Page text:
Intel “Cooper Lake” Xeon SP Processors

Introduction

On June 18, 2020, Intel announced the release of their 3rd Generation Intel Xeon Scalable Processors, otherwise known as “Cooper Lake”. This is another new family of 14nm Xeon server processors that is meant for four-socket and eight-socket servers. These new processors use a new Cooper Lake/Cedar Island platform with a new Socket P+. This means that they will require new model servers.

Intel Xeon Scalable Roadmap

Back in February, Intel cancelled the 1-2 socket version of Cooper Lake. They also released the Cascade Lake Refresh processors. Cascade Lake Refresh was actually a good release for SQL Server, with clock speed increases and large price reductions.

Intel Xeon Scalable Roadmap
Intel Xeon Scalable Roadmap

What SKUs Are Available?

There are eleven public SKUs in this release. As usual, Intel also makes custom SKUs for their largest customers that have slightly different specifications, that are not listed in the ARK database.

These SKUs range from 16C/32T models up to 28C/56T models. The RCP prices range from $1,273.00 to $13,012.00. As you can see from the table below, most of these SKUs have lower base clock speeds than the equivalent Cascade Lake Refresh SKUs (at the same core counts). OTOH, many of them do have higher Turbo speeds than Cascade Lake Refresh.

Normally, you won’t see full Turbo clock speed from very many cores very often on a database server, unless the server is pretty idle. Cooper Lake-SP processors do have higher TDP ratings than Cascade Lake Refresh, so that could mean more time spent at Turbo clock speeds.

Cooper Lake Specifications

The Intel slide below (I apologize for the quality) has a few more details.

3rd Generation Intel Xeon Scalable Processors
3rd Generation Intel Xeon Scalable Processors

Other Coverage

There have already been several other posts and reviews of this release. Here are a few of them:

Final Words

Unfortunately, this seems to be another example of Intel hurriedly pushing a release out the door as a stopgap measure. This is mainly aimed at some extremely large customers with very specialized needs for AI and ML. The general consensus is that this is an underwhelming release outside of a few niche scenarios.

Due to the very low base clock speeds on most of the SKUs, these are not going to be a good choice for SQL Server usage. The flagship Xeon Platinum 8380H does have a 2.9 GHz base clock, which is higher than the previous Xeon Platinum 8280 (at 2.7 GHz). This makes it somewhat interesting if you want slightly better ST CPU performance from an eight-socket server. But most organizations are using two-socket Intel systems for their database servers. Most SQL Server workloads will run much better on Cascade Lake Refresh processors.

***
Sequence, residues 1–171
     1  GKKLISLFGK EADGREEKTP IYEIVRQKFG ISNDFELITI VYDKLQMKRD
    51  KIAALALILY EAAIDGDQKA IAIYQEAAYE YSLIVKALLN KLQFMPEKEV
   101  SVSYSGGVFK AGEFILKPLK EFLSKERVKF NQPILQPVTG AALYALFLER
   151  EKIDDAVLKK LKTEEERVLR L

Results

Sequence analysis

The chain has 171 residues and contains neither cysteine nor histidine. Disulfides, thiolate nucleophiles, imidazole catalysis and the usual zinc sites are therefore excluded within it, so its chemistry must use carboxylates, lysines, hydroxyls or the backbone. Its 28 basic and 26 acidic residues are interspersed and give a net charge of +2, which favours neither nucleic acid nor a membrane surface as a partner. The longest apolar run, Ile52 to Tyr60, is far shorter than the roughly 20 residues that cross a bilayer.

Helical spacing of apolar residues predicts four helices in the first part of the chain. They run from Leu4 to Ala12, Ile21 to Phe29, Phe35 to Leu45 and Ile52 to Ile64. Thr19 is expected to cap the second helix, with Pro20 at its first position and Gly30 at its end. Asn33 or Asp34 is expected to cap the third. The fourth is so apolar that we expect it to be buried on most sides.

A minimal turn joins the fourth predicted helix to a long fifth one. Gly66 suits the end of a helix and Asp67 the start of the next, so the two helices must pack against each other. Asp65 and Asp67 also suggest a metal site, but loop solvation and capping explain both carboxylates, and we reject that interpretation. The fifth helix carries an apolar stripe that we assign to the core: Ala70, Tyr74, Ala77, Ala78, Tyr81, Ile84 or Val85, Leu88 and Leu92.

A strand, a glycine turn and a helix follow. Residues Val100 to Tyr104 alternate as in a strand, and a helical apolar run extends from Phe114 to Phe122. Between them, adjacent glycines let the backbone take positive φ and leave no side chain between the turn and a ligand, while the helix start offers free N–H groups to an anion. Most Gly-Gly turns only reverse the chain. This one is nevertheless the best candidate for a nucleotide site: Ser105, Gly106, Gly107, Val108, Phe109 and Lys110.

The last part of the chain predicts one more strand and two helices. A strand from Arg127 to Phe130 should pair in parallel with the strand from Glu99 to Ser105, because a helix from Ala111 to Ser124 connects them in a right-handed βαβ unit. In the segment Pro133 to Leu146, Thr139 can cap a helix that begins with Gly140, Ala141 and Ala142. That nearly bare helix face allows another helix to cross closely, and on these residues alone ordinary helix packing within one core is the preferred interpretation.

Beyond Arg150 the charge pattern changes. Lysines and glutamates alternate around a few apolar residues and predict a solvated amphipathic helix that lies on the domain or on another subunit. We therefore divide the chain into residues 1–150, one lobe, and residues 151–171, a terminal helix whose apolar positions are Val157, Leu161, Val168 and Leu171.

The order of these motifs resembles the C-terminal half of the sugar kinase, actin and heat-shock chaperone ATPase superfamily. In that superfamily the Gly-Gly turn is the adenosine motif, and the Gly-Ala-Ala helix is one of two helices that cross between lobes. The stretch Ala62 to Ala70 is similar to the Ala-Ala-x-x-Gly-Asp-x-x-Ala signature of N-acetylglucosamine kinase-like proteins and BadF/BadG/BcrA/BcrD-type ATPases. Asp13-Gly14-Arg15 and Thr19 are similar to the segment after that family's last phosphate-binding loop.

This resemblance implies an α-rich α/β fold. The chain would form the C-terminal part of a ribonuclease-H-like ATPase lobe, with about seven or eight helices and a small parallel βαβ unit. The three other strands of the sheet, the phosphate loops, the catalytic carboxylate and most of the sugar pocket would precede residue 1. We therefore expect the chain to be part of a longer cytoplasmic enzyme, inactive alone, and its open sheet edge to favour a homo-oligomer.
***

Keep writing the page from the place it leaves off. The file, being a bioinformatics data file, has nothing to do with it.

If you have any questions about this post, please ask me here in the comments or on Twitter. I am pretty active on Twitter as GlennAlanBerry. Thanks for reading!

Categories HW News, Intel, SQL ServerTags ,

2 thoughts on “Intel “Cooper Lake” Xeon SP Processors

  1. I have done extensive tests recently, but my assessment made several years ago was that (true random) transaction processing work loads was most core and (hyper-)thread count dependent, not frequency. I do recall DW, especially column store, being frequency dependent. It is a good that Intel is separating 4S+ from 1S-2S, with the 4S needing more interconnect (UPI) and less PCI-E per socket. Of course, on account of the memory latency sensitivity of transactions, 1S has a meaningful per core advantage over even 2S

    1. Hi Joe,

      I guess it depends on what you mean by “dependent”. Having more total cores and threads in a CPU gives you more total CPU capacity (unless the base clock speed is so low that a lower core count, but higher clock speed processor from the same family is actually better for total capacity).

      When you are comparing different SKUs from the same family (with the same core count) the SKU with the highest base clock speed is going to have better single-threaded performance. Assuming you don’t have storage or memory bottlenecks, then single-threaded CPU performance is going to important for query performance.

      For example, if you compare a 24C/48T Xeon Gold 6248R with a base clock of 3.0 GHz to a 24C/48T Xeon Gold 6240R with a base clock of 2.4 GHz (with all other specifications except TDP being equal), the higher base speed CPU (at the same core count) is going to have better ST performance.

      I completely agree that one-socket servers are the future for many workloads.

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